Herbert Feis served as the Special Consultant to three Secretaries of War. This book was his finale to a series on the governmental viewed history of World War II, one of these receiving the Pulitzer Prize. Mr. Feis gives personal accounts in a strictly factual description leaving out no information that the president and high officials discussed within the walls of the White House. The information that is presented is referenced countlessly throughout the book.
His position in the government gave him the ability to have direct knowledge from personal individuals, in the government at that time, who had assessed the actions first hand. With these contacts his information is not presented as secondary information.
In early August 1945, two Atomic Bomb Essays were dropped on the Japanese cities of Hiroshima and Nagasaki. These two bombs quickly yielded the surrender of Japan and the end of the American involvement in World War II. By 1946, the two bombs caused the death of perhaps as many as 240,000 Japanese citizens. The popular view that dominated the 1950s and 60s, presented by President Truman and Secretary of War Henry Stimson, was that the at the dropping of the atomic bombs was a solely military action that avoided the loss of as many as a million lives in the upcoming American invasion of the island of Kyushu.
In the 1960s a second idea developed, put forth by a collaboration of historians, that claimed the dropping of the bomb was a diplomatic maneuver aimed at gaining the upper hand in relations with Russia. Twenty years after the bombing, Feis, with the advantage of historical hindsight and the advantage of new evidence, developed a third view, free from obscuring bias. First, he stated that the dropping of the bomb was born out of a number of military, domestic, and diplomatic pressures and concerns. Secondly, many potentially alternatives to dropping the bombs were not explored by Truman and other men in power. Lastly, because these alternatives were never explored, it can only be pondered over whether or not Trumans decision to drop the atomic bombs was a savior of lives, and it may never be known if Trumans monumental decision was morally just one.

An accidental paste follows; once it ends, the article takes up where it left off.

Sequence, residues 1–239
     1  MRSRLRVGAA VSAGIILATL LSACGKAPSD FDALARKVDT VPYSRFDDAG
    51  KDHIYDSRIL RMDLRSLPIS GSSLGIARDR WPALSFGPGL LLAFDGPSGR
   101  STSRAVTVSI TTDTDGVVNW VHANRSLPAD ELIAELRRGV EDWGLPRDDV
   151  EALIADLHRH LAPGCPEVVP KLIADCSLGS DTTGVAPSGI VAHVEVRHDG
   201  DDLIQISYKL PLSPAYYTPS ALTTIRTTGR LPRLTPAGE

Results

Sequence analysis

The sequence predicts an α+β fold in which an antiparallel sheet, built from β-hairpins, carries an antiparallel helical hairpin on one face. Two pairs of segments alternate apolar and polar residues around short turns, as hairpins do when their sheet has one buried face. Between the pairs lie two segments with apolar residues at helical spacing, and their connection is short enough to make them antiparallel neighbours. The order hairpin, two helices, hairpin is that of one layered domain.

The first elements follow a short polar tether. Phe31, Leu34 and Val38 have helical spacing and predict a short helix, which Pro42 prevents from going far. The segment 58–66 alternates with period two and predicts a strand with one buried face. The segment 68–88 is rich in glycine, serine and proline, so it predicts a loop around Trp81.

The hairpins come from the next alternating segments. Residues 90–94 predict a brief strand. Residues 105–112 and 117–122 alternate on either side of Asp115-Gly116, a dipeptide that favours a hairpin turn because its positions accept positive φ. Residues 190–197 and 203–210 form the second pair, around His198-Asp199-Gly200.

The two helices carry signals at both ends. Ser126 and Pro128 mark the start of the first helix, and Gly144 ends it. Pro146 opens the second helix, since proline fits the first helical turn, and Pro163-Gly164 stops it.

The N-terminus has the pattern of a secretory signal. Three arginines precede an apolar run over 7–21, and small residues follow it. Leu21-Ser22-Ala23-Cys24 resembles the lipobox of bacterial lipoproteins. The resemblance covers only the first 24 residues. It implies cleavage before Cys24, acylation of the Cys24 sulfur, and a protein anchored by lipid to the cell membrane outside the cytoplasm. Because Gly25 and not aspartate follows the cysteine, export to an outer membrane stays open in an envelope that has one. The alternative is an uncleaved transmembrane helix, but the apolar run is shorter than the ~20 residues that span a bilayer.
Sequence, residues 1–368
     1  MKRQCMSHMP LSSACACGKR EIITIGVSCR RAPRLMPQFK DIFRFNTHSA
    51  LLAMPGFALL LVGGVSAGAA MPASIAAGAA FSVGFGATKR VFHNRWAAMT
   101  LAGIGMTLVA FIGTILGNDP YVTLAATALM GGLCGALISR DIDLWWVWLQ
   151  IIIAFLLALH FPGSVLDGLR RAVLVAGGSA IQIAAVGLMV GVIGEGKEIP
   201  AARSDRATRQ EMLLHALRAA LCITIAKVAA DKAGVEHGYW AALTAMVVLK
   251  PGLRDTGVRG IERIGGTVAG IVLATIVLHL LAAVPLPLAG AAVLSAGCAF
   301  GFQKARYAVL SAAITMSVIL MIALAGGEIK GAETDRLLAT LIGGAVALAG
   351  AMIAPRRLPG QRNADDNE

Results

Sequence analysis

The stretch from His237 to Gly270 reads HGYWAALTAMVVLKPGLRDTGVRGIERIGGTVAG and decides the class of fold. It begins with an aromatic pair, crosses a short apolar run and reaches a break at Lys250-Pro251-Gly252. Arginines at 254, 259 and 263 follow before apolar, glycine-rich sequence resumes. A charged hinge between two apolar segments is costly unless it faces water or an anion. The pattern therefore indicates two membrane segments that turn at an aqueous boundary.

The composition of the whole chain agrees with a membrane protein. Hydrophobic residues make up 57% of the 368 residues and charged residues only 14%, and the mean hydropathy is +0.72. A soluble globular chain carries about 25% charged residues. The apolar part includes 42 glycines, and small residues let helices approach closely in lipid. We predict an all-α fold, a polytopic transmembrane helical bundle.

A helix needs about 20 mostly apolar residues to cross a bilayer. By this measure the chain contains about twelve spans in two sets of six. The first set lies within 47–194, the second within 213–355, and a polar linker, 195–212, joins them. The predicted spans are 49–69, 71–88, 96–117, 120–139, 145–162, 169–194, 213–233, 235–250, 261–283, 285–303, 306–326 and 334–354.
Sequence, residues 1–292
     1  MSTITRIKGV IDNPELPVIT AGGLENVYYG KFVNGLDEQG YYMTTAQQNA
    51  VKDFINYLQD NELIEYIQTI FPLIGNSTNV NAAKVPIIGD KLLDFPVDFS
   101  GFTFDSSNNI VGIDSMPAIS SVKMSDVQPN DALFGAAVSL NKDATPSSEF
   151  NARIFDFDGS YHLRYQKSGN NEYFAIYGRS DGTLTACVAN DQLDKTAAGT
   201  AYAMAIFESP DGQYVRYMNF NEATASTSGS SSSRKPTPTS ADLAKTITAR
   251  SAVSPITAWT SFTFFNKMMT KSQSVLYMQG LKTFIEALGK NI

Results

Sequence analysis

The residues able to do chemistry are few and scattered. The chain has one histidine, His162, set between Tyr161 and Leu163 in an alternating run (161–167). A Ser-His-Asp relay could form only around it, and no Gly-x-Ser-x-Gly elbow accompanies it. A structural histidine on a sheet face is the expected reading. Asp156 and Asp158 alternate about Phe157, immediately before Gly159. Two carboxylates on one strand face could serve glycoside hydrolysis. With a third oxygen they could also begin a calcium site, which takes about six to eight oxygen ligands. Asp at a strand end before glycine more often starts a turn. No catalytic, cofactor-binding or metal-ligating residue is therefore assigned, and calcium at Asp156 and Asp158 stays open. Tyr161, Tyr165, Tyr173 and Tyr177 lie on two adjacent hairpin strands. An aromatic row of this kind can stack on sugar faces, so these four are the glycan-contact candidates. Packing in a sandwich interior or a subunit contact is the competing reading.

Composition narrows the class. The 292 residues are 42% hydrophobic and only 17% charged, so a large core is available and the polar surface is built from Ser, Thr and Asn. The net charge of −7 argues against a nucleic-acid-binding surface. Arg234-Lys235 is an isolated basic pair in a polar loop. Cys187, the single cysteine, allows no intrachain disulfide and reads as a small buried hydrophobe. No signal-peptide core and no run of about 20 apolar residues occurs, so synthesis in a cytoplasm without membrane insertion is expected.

Japan had expansionist aims in Eastern Asia and in the Western Pacific.
In July of 1940, the United States placed an embargo on materials imported to Japan, including oil. The majority of the American war effort was placed in Europe. Before the United States could fully mobilize, most of South-East Asia had fallen to Japan, including the Philippines. The Japanese forces waged a stubborn, often suicidal battle.
Truman learned of the project, then called by its code name, S-1 (and later as the Manhattan Project), from Secretary of War Stimson on 25 April 1945, only after becoming President. Concurrent with the Manhattan project, both Japan and America were making preparations for a final all-encompassing conflict.
Both sides expected it would involve an American invasion of mainland Japan. The Americans expanded conventional bombing and tightened their increasingly successful naval blockade. The Japanese began the stockpiling of aircraft, amassed a giant conscripted military force, and commenced the creation of a civilian army, all who swore total allegiance to the emperor. This awe-inspiring army included “so-called ‘Sherman Carpets,’ children with dynamite strapped to their bodies and trained to throw themselves under American tanks.”
In the end, these final preparations were not effective. On, August 6, 1945, the American B-29 bomber, named Enola Gay by the pilot Paul W.
Tibbets, dropped the “little boy” uranium atomic bomb on the city of Hiroshima. Three days later a second bomb, made of plutonium and nicknamed “fat boy,” was dropped on the city of Nagasaki. On August 14, 1945, the Japanese surrendered unconditionally and the war in Asia ended.
Truman’s monumental decision, to drop these bombs, was born out of a complex background of decisions. Pressure to drop the bomb stemmed from three major categories: military, domestic and diplomatic.
The military pressures stemmed from discussion and meetings Truman had with Secretary of War Stimson, Army Chief of Staff General Marshal, Chief of Staff Admiral William Leahy, Secretary of the Navy James Forrestal and others.
On June 18, 1945, General Marshall and Secretary of .